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Friday, March 16, 2012

Reader-Focused Author Websites

Photo Courtesy of David Castillo Dominici

I've just spent a confusing couple of days reading expert advice and varying opinions on author websites.  This all started while reading a blog post on Rachelle Gardner's website (she is an agent with Books & Such Literary--if you're looking for an agent blog to follow, hers is a good one.  Nearly all the posts are well worth the time investment).

The post in question was written by guest blogger, Thomas Umstattd, Jr, CEO of Author Media.  You can read his post, "The Five Most Common Author Website Mistakes" here:

The confusion for me came in "Website Mistake #2 – Focusing on the Author over the Reader."

Confusion because the post didn't really define what constitutes reader focused material.

For the last six months I've been taking some classes that cover the technical aspects of web design (HTML/XHTML/CSS).  And that has been confusing on its own.  But content of a website?  THAT is hard.  Here's why.

In preparation for laying the groundwork for my own future website, I've looked at a lot of author websites.  They are all pretty much the same.  They have:

1) Home page w/a brief blurb about the writer and what they write

2) A page w/a list of their books

3) A page with some writing tips/favorite books on writing

4) Maybe a page with some favorite links

5) A contact page

I don't know how that strikes you, but all of that seems pretty AUTHOR focused, not READER focused.

My confusion was further enhanced by the fact that I have informally surveyed 20-25 people in recent weeks, and all but TWO of them said they don't even visit author websites.

So I'm supposed to invest in something that readers don't visit, and I'm supposed to have reader focused content that I'm not seeing on most author websites, so I have nothing to learn from.  No wonder I'm confused!

The two people who DID visit author websites are people I happened to query today.  And their response surprised me.  Those 2 readers visit an author's website to read the author bio.

Go figure.  That's the last thing I would've thought a reader would go to an author site for.  After all, an author's bio is usually on the back cover or inside the front or back cover of a book, or you can get more information on them at Amazon and such.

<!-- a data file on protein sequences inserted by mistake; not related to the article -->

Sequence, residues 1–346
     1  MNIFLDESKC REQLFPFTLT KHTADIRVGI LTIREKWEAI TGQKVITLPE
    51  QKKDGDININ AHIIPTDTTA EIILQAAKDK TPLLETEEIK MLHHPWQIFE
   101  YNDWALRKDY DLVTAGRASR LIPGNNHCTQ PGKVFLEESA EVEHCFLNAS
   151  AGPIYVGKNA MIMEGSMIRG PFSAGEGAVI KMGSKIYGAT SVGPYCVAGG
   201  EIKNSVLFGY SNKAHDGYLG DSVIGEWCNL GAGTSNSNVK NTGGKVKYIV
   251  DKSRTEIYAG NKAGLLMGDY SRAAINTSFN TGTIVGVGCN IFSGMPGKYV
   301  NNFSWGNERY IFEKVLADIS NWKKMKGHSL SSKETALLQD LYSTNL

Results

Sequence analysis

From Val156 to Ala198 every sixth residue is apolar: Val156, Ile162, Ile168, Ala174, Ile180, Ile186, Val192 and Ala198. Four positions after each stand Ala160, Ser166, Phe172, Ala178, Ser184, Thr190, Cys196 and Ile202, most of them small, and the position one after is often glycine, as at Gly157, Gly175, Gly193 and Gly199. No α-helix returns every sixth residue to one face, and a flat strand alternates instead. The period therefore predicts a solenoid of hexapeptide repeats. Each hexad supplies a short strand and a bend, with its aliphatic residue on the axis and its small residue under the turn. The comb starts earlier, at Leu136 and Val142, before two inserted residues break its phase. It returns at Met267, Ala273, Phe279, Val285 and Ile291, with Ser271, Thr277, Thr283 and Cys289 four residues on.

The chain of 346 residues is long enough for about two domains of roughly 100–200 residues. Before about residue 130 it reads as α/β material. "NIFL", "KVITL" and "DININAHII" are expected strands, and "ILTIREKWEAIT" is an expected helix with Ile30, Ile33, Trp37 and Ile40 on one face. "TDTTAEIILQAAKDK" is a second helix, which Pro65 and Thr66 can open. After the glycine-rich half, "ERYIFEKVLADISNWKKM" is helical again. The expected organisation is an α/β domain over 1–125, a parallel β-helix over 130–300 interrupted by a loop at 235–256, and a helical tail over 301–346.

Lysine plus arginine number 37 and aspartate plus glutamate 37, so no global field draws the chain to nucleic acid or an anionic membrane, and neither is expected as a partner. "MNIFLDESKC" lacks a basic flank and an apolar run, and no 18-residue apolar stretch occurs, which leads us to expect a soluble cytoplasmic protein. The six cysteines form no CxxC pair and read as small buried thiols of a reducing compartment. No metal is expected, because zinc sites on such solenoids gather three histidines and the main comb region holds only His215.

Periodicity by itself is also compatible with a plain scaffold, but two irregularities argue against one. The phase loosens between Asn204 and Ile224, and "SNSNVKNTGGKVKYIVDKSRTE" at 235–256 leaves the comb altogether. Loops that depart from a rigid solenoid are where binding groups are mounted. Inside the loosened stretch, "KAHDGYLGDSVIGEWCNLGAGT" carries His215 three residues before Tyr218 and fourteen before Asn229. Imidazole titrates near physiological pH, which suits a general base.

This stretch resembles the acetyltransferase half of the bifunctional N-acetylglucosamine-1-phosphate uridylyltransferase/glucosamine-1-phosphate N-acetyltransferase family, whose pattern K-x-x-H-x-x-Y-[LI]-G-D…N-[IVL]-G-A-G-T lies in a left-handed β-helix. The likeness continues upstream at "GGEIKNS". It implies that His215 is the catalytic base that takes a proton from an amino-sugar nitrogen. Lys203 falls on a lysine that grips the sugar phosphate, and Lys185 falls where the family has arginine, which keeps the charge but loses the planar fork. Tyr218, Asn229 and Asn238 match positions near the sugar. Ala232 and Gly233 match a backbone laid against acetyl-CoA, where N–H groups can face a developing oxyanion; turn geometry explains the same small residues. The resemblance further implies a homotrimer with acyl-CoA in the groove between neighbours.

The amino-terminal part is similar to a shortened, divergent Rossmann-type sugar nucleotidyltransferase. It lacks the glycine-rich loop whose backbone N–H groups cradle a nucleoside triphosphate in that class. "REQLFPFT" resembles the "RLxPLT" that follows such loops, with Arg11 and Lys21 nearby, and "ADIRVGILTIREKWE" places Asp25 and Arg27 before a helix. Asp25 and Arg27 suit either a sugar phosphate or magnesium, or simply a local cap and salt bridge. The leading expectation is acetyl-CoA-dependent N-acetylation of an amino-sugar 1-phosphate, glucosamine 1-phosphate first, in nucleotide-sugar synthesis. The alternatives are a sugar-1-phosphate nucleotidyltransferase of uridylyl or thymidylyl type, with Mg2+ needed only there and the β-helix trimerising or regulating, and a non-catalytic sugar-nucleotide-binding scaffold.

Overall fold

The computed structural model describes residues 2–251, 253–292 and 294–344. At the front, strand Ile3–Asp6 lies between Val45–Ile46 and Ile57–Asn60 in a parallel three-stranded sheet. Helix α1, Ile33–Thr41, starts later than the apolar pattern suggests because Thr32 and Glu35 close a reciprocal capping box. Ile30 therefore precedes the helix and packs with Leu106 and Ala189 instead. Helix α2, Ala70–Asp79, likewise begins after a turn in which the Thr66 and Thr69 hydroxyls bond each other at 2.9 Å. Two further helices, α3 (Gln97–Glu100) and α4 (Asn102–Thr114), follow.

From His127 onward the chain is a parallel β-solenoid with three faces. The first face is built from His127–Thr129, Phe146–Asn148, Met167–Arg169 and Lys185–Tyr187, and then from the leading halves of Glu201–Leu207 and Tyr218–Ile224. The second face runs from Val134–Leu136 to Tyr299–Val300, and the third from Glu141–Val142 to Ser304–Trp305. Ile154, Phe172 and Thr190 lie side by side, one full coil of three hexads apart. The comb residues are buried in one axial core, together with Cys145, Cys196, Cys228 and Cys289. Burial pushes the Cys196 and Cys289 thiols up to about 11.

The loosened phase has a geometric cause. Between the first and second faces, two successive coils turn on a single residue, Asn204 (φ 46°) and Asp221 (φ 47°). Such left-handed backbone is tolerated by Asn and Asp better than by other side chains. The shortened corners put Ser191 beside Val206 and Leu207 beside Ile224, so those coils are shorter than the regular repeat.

I would've thought readers would want a little something more than routine author info.

So tonight, I discovered Mr. Umstattd posted a link to another of his articles on what readers want from your website.  You can read that post here:

Again, I was surprised by the low key answers for what readers are looking for--ie. your speaking schedule, etc.

But there was one thing on that list of what readers are looking for that I don't often see on author websites:  exclusive content.  Content that is offered free to readers that they won't find anywhere else.  This could be free downloads, like short stories, for example.

Exclusive content makes sense to me--takes some of the mystification out of the 'reader focused content'.  Because rather than an author bio, I would've thought a reader would be hunting for something else.  Say for example, you're an author of suspense fiction.  Maybe you have an article that explains what clues the M.E. looks for to determine how long that person has been dead.  Or if you are a historical fiction author, maybe telling a unique story or sharing information on a specific region or time period.

That's what I, as a reader, would consider reader take-away value.

But at least I'm not as confused as I was.  Still have a lot of work to do.  But less confused. 8-)

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